Family’s Goal is to Keep Their Permanent Front-Yard Hoop

Evan Schreyer, 9, and sister Ella, 7, hope they can keep the basketball goal in front of their home on Colgate. (Staff photo: Chris McGathey)

Evan Schreyer, 9, and sister Ella, 7, hope they can keep the basketball goal in front of their home on Colgate. (Staff photo: Chris McGathey)

All Erin Schreyer wanted was to have a safe and sleek basketball hoop for her children to use. But this month, the University Park resident was told her front yard was out of code.

“We love the city, and we paid a lot of money for our house, too, and we want it to be beautiful, too,” Schreyer said. “That’s why we got the goal we did.”

Ultimately, it comes down to construction. Portable hoops, such as ones anchored by gallons of water or sand, are allowed, but anything secured by concrete or screws is not.

Schreyer’s is secured by four screws, which technically could still be removed. But the hoop style is considered “semi-permanent,” and therefore out of code. After suggesting the Schreyers replace their hoop with a portable one, a June 8 letter from the city said officials appreciate the family’s “cooperation to maintain a healthy, safe, and beautiful place to live.”

“It’s not safe, and it’s ugly,” Schreyer said of the suggested portable style. “It does none of those things.”

She fears that the bottom-heavy water and sand styles are easy for children to knock over because of the uneven weight distribution.

Once they received the letter, the Schreyers had one week to resolve the issue before they were subject to a fine. The mother of two decided to take matters into her own hands and call the city.
Robbie Corder, director of community planning, encouraged her to voice her concerns to the city manager, Bob Livingston, through a letter. After all, University Park has a history of issues with front-yard sports gear.

In the summer of 2006, the City Council was headed toward a ban of portable basketball hoops, until a public outcry changed officials’ minds. That decision came about a decade after University Park outlawed permanent hoops like the one in the Schreyers’ front yard.

Later in ’06, the city opened its first basketball courts at Burleson Park. But Schreyer likes being able to adjust the height of her own hoop for younger children.

After her conversation with Corder, Schreyer sent a letter to Livingston, who said the issue would be presented to the council as a discussion item, most likely on July 2 or 16.

“We appreciate giving kids the opportunity to play basketball in our driveway and will continue to do so,” Schreyer said.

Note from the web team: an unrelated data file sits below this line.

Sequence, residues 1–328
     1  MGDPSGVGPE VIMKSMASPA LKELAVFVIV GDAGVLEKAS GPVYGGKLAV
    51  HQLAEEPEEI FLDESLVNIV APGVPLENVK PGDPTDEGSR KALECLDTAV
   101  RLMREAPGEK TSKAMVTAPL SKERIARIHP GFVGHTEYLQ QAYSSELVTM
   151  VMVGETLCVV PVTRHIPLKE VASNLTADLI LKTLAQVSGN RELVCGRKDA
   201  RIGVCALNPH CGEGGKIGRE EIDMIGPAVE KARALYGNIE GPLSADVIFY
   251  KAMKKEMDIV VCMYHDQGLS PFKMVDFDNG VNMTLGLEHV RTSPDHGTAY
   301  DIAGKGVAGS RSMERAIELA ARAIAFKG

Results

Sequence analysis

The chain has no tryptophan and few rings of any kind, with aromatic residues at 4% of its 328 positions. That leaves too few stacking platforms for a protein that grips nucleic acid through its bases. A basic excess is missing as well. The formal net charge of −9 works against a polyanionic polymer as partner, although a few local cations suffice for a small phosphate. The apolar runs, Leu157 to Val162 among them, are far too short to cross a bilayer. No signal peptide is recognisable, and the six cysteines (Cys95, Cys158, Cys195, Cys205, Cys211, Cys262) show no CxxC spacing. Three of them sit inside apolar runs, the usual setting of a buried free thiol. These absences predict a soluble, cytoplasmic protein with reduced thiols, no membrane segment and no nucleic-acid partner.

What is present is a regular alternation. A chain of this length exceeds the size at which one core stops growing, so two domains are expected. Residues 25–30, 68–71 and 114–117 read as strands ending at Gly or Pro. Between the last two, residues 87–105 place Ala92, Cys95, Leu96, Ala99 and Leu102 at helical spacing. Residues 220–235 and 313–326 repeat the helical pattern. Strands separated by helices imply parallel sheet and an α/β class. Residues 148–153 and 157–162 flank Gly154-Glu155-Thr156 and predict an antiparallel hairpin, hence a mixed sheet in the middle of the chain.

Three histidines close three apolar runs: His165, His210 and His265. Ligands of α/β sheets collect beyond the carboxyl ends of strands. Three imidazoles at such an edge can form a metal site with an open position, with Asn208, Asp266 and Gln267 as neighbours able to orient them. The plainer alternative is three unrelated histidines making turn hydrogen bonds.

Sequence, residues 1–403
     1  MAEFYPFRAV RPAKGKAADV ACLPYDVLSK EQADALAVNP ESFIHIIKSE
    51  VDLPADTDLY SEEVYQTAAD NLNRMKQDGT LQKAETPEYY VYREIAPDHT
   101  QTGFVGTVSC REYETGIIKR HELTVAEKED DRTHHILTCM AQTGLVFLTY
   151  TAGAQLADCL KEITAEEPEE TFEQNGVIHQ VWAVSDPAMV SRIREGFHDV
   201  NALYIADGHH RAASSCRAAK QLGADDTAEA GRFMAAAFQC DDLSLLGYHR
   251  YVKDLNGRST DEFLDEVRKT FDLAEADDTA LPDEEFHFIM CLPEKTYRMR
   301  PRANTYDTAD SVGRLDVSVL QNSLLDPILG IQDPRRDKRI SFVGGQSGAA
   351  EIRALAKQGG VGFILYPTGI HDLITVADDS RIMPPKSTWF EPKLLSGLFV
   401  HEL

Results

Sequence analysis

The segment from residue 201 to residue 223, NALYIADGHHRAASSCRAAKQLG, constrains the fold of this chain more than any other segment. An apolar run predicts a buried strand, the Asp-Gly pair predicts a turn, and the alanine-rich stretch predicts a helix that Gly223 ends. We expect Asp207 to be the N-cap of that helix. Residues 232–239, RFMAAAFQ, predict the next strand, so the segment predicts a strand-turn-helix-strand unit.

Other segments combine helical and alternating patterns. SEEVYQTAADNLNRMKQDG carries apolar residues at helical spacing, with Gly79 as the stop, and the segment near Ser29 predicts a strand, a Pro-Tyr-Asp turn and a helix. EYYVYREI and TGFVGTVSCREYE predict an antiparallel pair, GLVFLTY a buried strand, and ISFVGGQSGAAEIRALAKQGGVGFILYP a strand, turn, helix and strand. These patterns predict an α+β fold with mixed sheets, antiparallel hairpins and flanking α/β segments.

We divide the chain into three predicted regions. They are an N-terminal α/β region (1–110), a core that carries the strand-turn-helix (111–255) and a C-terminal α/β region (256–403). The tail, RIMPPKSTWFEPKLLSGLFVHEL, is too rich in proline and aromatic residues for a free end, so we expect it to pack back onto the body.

By Sarah Bennett Jul. 1, 2013 | 8:57 am | 20 Comments | Comments RSS
  • HP75

    Who was here first, the ordinance or the family?

  • Bob

    I agree with the mom in the article. Her hoop can be easily removed and is far safer and more esthetic than portables. Sometimes I feel like I live in a communist country with really nice lawns and clear alleys with garbage can lids nicely attached. I suggest we ban all outside athletic equipment including bikes/balls etc… and just sit the kids infront of an XBox.

  • HP85

    Good grief, this dead horse again? Quit whining. Quit thinking the rules don’t apply to you and your particular family. For that matter, all the portable hoops should be banned from front yards as well. (How can anyone not have room to sink a pole with a hoop in their back yard?) How about this for a rule: If you can’t fit a piece of recreational equipment in your back yard, THEN YOU DON”T GET TO HAVE IT. BECAUSE GUESS WHAT, YOU DON”T HAVE ROOM FOR IT. We don’t want to see it. Folks build out until their back yards are the size of postage stamps, and they want the rest of us to pay the penalty, by having to look at their recreational structures and sports gear. I could set up a bunch of crap from my garage in my front yard, too, but I don’t. As for this woman, follow the law, and quit everyone’s time. Next.

  • NFW

    Can someone please help me understand what is so unsightly about a basketball hoop in someone’s yard???? I don’t like my neighbor’s ugly yard art, but I’m stuck with it. It’s trailer park trashy, but it’s a free country (barely) so they get to keep it. HP85, it is also their property, and freedom of private property is still a right. You live in a neighborhood filled with kids. Get over that.

  • GM

    Put another way: “I know what the rules are, but they conlfict with what I want, so I will put this up and hope no one notices. If they do, I will complain about how unfair the rule is, even though I knew what it was before I did this”.

    In the end, as always, it’s about doing what’s best for you, others be damned.

  • Avid Reader

    Agree with HP85 and GM. Want a goal in your front yard; get the code changed first. Enough with the public outcry for support when this is entirely self imposed. Follow the code. A city’s gotta have a code.

  • HP75

    UP Staff should have dealt with this quickly without wasting everyone’s time. There’s something dysfunctional about dragging up the same subject for public debate every two years just because Super Mom knows how to get herself some front page headlines. How many hundreds of code violations are corrected by Staff everyday without all this drama?

  • Pollyanna